Back on Track

New reviews coming soon! I'll be importing my work from the past two years, but in the meantime,
I'm reclaiming my small place on the web.

Saturday, September 20, 2008

Non-fiction review

The Major Forces Driving Humanity
By Steven Zecola
ISBN-10: 0977950913
Review by Heather Froeschl

The keyword in society these days is “change.” We want change in our economy, environment, employment and our future. Figuring out how to create positive change requires looking at the changes and complacency of the past. Steve Zecola provides his completed research on a number of topics and presents it in his latest book, “The Major Forces Driving Humanity.”

Four parts of the book break it up into “Progress up to the Late 1700’s,” “The Late 1700’s to the Present,” “Future Directions,” and “Bringing the Major Forces into Harmony.” In layman’s terms, he shows us the progress of humanity from the beginning of man’s reasoning, religion, and governing to the present, where we feel so desperate for change for the better. Where did we go wrong? What did we do right? What patterns can we avoid or alter?

Sociology classes would eat this book up; students of sociology in everyday form will enjoy the pondering and exploration. Society should pay heed to these lessons learned. The writing is full of advice and research, opinion and teachings. Steve’s voice is full of concern and care. His readers will find a message here regardless of whether the entire book is embraced or not.

What are the major forces driving societal change? What has been allowed to flourish by our very lack of understanding? Zecola explains and offers a comprehensive plan.

Saturday, September 6, 2008

Spiritual Fiction Review

By Clifford Lane Mark
ISBN: 978-0-595-46219-3
Review by Heather Froeschl

If you knew we were on the verge of a shift of consciousness, what would you do? Would you be a part of it? Would you hide from the change? Deny it? Notice it? Forever, there have been wise ones, enlightened ones who have told us that we could do as they do, be as they are. We have been lost in the process and sometimes lost sight of the goal.

The character Thomas Walls was drawn to do something in preparation for an event so monumental it would change the course of humanity for the next two thousand years. As synchronicity works, the people that needed to be planners for the event came together. They were given clues that had been presented by a guru, so that they would be sure of the ones who would come to teach. The souls of the masters reborn to show us the way didn’t really need to have clues foretell of their coming though. They were known when the time came.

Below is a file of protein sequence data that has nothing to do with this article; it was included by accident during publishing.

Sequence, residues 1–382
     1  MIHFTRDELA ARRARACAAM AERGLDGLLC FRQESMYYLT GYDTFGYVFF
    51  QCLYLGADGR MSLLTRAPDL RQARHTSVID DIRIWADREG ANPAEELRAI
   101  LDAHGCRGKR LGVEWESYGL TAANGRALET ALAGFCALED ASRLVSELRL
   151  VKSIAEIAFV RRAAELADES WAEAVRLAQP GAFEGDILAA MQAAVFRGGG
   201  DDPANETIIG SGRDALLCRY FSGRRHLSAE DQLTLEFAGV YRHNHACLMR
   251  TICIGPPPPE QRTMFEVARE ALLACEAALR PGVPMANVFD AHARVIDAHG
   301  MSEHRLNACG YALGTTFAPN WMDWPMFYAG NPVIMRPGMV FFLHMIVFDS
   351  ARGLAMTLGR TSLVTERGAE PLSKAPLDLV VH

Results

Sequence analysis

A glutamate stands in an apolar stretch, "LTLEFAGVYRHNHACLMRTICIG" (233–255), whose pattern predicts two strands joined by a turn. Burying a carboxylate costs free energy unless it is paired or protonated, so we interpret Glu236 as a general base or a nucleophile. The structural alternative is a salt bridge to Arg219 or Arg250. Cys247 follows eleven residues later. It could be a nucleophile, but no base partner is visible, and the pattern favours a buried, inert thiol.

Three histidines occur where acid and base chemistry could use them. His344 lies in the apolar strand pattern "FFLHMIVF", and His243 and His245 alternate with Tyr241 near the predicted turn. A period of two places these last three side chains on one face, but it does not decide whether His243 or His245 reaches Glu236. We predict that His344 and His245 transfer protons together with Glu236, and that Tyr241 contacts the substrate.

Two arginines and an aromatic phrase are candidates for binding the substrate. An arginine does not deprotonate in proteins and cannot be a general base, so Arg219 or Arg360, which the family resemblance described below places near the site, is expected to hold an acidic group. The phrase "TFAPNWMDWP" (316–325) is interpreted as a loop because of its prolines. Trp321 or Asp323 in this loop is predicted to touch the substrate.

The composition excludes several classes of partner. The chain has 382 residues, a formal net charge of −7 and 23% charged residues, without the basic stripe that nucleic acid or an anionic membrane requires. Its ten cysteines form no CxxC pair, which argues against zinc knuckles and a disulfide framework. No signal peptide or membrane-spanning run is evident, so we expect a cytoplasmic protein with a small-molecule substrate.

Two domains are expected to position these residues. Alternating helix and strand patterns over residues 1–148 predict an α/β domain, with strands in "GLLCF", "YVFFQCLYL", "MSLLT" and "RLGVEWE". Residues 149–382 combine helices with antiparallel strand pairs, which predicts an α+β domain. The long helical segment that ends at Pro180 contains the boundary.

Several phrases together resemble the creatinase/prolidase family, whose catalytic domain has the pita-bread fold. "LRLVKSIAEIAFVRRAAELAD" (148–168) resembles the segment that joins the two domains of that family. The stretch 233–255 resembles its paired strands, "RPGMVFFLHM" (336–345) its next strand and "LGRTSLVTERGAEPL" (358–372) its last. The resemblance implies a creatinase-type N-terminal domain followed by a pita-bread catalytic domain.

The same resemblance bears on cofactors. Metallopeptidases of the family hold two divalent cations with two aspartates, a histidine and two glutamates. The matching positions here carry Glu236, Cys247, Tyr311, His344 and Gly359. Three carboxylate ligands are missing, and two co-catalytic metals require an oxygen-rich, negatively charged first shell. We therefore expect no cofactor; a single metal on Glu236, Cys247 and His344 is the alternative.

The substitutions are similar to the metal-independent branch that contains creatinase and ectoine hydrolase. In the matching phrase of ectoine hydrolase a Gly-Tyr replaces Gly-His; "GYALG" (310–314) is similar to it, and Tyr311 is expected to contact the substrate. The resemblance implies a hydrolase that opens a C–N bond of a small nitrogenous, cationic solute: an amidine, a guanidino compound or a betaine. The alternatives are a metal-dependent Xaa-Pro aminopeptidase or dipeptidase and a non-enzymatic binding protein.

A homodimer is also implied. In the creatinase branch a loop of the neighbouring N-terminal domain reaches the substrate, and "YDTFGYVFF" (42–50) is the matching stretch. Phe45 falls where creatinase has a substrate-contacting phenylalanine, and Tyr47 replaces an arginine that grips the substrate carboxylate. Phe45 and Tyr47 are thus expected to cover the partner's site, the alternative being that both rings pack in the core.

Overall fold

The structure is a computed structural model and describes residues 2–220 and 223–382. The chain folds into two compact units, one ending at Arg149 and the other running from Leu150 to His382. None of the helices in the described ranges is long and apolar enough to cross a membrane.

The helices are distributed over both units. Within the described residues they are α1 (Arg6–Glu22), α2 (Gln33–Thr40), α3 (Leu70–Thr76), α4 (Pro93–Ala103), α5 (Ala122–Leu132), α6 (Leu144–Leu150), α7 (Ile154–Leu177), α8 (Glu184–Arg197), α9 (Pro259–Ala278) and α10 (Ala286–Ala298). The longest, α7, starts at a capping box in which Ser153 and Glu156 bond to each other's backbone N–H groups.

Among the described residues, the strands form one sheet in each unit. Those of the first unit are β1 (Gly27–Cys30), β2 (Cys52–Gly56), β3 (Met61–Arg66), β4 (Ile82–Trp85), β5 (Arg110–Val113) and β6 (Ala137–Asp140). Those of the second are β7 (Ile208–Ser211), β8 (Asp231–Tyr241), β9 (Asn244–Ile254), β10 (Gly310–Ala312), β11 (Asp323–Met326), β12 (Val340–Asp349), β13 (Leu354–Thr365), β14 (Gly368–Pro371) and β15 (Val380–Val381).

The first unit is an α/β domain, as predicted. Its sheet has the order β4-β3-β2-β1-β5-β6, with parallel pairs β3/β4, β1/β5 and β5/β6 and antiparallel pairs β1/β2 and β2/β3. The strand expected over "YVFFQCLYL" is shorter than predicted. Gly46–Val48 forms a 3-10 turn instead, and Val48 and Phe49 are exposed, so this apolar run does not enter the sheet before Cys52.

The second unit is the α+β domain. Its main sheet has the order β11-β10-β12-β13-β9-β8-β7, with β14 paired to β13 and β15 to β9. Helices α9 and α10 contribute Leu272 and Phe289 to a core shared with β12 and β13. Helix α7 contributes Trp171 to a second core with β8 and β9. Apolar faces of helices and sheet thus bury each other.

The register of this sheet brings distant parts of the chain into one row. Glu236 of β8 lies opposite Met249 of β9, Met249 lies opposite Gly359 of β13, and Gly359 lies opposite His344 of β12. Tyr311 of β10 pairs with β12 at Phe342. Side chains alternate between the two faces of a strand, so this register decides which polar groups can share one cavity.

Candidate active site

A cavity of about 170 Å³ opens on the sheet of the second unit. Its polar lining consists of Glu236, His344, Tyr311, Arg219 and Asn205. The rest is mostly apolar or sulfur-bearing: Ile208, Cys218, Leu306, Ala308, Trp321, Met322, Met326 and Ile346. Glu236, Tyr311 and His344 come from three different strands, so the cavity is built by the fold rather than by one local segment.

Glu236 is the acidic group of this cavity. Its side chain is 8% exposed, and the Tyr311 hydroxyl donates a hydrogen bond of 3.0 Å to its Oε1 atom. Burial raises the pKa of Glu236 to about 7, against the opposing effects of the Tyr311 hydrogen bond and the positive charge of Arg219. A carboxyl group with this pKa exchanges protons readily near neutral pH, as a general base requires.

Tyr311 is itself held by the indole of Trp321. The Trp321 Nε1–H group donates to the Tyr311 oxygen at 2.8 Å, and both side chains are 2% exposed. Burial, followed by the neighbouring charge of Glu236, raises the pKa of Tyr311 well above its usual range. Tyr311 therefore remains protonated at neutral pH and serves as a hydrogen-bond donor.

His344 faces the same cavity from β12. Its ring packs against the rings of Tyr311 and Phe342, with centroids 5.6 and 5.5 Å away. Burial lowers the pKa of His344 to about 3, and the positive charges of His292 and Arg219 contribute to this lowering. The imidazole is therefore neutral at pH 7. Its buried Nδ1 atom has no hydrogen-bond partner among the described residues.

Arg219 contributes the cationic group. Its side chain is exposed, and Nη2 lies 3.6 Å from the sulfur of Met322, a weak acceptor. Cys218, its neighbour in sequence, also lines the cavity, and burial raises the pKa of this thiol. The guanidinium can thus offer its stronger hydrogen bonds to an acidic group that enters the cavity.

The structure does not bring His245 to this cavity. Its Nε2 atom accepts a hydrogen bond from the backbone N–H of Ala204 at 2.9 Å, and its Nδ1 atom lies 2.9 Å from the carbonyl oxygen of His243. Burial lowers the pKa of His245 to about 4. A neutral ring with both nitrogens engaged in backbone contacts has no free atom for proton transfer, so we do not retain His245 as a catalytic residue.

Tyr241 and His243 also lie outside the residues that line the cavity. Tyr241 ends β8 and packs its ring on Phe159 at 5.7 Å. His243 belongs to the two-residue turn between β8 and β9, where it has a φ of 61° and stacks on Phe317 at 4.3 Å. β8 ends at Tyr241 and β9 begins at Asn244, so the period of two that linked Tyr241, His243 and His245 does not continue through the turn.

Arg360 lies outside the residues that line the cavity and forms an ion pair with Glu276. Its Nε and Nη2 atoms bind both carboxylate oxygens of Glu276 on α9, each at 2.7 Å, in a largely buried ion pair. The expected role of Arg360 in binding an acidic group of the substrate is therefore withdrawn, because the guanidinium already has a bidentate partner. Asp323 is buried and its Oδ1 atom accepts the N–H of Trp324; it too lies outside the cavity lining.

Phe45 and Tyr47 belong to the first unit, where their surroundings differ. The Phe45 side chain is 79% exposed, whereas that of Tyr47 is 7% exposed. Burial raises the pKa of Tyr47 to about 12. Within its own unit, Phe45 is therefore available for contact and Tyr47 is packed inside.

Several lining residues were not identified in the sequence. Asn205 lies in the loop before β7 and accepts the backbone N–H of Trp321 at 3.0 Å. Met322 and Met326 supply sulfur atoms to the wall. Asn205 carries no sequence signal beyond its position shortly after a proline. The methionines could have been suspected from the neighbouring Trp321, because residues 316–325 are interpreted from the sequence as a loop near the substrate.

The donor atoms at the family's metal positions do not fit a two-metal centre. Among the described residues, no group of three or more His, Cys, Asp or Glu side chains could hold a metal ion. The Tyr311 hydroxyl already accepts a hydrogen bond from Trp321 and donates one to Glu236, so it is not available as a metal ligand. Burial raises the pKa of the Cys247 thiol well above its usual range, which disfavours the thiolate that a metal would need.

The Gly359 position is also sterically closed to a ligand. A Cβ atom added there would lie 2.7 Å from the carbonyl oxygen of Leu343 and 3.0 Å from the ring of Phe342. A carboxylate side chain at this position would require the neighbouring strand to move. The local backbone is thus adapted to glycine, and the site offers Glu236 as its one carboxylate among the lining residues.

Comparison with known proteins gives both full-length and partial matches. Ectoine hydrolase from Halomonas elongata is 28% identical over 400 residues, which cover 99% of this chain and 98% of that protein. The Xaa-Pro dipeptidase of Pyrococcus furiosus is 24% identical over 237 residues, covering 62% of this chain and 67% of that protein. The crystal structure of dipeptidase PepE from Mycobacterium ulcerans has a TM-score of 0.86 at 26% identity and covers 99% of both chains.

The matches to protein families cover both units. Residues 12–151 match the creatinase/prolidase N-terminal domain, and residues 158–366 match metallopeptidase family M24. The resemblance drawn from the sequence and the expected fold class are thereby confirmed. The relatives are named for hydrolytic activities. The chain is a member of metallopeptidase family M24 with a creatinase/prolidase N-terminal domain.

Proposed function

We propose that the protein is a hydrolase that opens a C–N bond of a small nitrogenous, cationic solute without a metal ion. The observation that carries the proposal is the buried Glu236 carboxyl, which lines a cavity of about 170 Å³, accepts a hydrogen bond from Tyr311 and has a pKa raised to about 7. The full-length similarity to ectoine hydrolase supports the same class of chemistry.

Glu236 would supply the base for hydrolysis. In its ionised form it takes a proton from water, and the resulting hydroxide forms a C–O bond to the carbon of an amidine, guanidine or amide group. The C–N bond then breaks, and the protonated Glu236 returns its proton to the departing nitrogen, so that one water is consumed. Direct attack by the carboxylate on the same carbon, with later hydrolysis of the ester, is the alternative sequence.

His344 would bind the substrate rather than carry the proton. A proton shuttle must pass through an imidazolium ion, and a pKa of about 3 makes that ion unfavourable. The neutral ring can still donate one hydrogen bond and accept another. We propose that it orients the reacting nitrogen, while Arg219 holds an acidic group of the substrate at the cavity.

The planning of the gathering at a sacred spot all fell into place over months of work. Would it have occurred regardless? The planners learned much along the way and shared of themselves. In this sharing the reader also learns to let go of beliefs, look for their own path to enlightenment and embrace what becomes. The pinnacle of the book, the event itself, is much anticipated.

The writing is well executed and the story purposeful. The beginning is a bit slow but the momentum of the plot builds like the path up the sacred mesa. It is well worth the exercise. A book with a different kind of vision, “Ecumensus” is full of hope, promising a new age of enlightenment that I sincerely wish to be non-fiction.

Thursday, July 24, 2008

Fiction Anthology Review

Sin: A Deadly Anthology
ISBN-10: 0974793469
Review by Heather Froeschl

Sin: behavior that goes against the moral and religious norms. Sin: the topic of a captivating anthology. Like being drawn to watch a tragedy in progress, readers will be enticed to turn the pages, witnessing horrific moments of sin. From some of Chicago’s popular fiction authors, “Sin, A Deadly Anthology,” is gripping.

What could force a person to commit a sin? Love? Hate? Revenge? Insanity? When does an action become a sin? At the moment the idea hits the person? When they admit that it was wrong? Is sin in the eye of the beholder? Readers will have to decide for themselves as each story unfolds.

Sex, murder, and greed are all obvious sins, but when the circumstances are impossible, things can be seen in another light. Nothing is simply obvious. A story about a flood and a loving husband choked me with tears. Another that involved a demon had me pondering the legends I’ve grown up with. A tale of buried family memories inspired questions of what we are told in our youth and what we trust as adults. Each contribution to the book has a different feel but an underlying theme of encouraging contemplation on what is understood to be sin.

The writing is all tight and solid. Each author putting his or her own spin and finishing touches on the anthology. It is an intriguing read. Dare you be seen holding a book titled: Sin? It is well worth any stares you might receive.